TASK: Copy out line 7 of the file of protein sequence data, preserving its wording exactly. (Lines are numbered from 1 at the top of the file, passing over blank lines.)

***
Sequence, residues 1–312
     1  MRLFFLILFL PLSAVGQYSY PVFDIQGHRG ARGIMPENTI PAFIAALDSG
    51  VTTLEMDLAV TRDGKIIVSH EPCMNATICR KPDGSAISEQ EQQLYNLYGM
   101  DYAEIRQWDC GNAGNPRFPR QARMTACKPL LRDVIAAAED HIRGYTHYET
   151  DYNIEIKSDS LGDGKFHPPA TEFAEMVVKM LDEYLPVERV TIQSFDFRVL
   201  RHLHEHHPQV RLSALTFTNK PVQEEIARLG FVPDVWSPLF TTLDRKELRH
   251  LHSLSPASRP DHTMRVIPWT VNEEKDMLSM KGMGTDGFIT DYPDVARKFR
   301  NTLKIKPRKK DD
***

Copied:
   251  LHSLSPASRP DHTMRVIPWT VNEEKDMLSM KGMGTDGFIT DYPDVARKFR